On one hand, this old article said TDT doesn't pay. On the other hand, I imagine TDT not paying would be a slam-dunk argument for favoring UDT, which pays, and I haven't seen people make that argument. So I'm confused here. Thanks.

Edit: this wiki page explains all the jargon

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TDT is underspecified. Vladimir Nesov claims that you can set it up by hand to pay, but others are skeptical.

Yes, I believe that the consensus is that counterfactual mugging is considered a pretty good argument, if you had to choose between TDT and UDT. But it would be nicer if there were a formalization that indicated what class of problems they agree on and what (larger) class UDT is right. Without such a formalization (and maybe even with one), TDT provides a different perspective and one should not discard it. Also, it is possible that there is an example where TDT beats UDT.

I asked the same question here. See Vladimir_Nesov's reply.

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I didn't see a direct answer to my question there, but he did write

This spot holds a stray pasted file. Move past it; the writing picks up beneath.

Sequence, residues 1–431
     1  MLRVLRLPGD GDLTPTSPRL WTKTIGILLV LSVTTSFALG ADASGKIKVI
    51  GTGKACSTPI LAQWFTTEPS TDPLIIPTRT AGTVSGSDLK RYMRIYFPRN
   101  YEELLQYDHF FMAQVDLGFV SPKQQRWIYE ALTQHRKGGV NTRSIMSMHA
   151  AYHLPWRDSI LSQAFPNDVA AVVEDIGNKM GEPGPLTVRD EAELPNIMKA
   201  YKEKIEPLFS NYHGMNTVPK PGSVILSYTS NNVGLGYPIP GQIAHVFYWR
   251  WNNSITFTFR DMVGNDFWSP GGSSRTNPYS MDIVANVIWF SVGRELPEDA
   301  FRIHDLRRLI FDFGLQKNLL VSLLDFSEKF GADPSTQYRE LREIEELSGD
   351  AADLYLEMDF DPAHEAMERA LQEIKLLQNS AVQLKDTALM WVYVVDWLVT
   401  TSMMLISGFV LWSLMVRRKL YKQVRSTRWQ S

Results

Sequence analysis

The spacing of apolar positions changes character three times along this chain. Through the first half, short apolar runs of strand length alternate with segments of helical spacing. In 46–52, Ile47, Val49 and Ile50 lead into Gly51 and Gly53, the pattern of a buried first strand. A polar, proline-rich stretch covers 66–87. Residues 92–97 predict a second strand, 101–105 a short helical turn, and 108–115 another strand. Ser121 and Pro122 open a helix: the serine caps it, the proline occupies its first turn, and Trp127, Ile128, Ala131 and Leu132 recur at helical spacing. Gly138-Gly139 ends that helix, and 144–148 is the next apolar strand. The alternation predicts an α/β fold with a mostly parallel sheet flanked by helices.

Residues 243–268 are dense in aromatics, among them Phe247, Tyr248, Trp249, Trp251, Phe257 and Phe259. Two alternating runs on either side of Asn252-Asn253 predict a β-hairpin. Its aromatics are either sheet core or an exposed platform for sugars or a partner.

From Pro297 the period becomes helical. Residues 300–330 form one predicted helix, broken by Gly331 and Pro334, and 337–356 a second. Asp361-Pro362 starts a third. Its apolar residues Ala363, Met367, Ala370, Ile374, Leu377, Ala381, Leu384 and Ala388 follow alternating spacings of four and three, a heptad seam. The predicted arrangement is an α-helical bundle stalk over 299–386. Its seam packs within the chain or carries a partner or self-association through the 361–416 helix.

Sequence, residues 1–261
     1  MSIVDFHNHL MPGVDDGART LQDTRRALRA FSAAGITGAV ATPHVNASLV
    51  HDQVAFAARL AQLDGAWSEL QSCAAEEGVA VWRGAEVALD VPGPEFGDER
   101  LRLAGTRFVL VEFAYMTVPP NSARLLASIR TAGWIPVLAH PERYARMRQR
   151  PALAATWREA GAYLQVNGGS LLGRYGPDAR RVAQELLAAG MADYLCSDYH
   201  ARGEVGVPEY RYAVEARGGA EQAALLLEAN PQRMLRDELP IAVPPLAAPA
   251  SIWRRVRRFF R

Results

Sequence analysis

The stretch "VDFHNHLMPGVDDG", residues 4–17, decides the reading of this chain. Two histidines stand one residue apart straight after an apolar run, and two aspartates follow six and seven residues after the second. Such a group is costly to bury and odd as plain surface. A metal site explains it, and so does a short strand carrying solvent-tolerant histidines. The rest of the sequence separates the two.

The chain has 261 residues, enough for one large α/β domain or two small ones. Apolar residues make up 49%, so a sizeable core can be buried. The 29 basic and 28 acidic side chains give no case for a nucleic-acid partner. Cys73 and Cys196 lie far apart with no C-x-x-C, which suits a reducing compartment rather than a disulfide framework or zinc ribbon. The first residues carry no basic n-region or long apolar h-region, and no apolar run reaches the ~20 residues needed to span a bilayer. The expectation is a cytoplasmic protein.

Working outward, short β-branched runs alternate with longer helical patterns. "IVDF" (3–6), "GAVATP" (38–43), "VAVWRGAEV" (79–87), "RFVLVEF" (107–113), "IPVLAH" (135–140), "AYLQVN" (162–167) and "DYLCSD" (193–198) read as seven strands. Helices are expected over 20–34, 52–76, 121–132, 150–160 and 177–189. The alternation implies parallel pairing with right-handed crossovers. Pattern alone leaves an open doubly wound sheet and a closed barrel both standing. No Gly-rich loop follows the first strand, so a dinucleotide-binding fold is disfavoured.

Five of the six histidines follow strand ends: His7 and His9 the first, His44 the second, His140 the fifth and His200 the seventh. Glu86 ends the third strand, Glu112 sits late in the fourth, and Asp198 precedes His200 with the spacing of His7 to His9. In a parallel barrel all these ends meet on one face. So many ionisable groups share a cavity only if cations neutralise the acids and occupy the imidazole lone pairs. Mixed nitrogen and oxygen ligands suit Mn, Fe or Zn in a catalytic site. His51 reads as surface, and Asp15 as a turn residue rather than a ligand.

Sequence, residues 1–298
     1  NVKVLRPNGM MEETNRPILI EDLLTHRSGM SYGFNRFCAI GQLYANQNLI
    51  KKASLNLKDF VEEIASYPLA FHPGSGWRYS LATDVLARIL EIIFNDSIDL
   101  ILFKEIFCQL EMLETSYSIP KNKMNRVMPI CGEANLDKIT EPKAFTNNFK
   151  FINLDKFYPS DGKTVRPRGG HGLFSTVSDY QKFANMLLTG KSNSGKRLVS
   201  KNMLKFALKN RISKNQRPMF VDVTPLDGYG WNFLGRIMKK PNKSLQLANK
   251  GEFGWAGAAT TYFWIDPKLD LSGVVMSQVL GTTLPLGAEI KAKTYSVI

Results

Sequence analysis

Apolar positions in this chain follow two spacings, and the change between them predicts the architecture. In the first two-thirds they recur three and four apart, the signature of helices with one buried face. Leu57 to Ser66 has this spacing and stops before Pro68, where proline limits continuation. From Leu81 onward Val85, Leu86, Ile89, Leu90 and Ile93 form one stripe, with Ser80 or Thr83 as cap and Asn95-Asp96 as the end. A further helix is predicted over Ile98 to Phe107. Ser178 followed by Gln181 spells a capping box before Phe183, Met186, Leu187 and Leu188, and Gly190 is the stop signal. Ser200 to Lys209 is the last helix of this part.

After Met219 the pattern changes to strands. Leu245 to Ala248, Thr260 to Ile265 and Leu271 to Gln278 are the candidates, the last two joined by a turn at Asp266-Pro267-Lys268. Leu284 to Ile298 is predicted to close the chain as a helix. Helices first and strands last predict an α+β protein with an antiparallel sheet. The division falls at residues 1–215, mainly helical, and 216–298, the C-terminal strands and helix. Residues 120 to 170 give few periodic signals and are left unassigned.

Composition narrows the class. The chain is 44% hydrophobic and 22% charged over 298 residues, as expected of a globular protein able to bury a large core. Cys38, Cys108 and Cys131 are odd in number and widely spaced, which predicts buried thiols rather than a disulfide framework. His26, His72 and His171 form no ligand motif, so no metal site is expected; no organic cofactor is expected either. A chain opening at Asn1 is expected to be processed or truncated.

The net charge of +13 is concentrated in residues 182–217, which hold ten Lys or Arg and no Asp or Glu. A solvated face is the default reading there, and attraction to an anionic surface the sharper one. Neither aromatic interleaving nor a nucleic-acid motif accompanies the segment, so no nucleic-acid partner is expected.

TDT considers the current possible world, as explicitly depending on agent's decisions. As a result, any site where agent's decision influences the current possible world, in the past of in the future, generates a collection of counterfactual worlds that TDT agent also takes into account. In particular, on Newcomb's problem, agent's decision is located in the past, and opens both possibilities for consideration. In Newcomb's with transparent boxes, the agent should update on the state of the second box and exclude the possibility of its alternative state, but because its decision site is still located in the past, this decision site allows to regenerate the alternative with the different state of the second box, and so TDT agent acts correctly on transparent Newcomb's.

So maybe TDT can regenerate the alternative where the coin landed heads and Omega is considering whether to pay you the $10000.

I'd prefer a simple yes/no, though.

[-][anonymous]9y -2

TDT was defined as "deciding in such a way as if it decides the outcome of the abstract computation that is its choice", which I assume means doing so in such a way to maximize expected utility. If TDT pays, its past self has expected utility of $4950, while its current self has expected utility of -$100. If TDT doesn't pay, its past and present selves both have expected utility of $0. It sure would be counterintuitive if TDT didn't pay, and time stopped a timeless decision theory agent from winning/being consistent.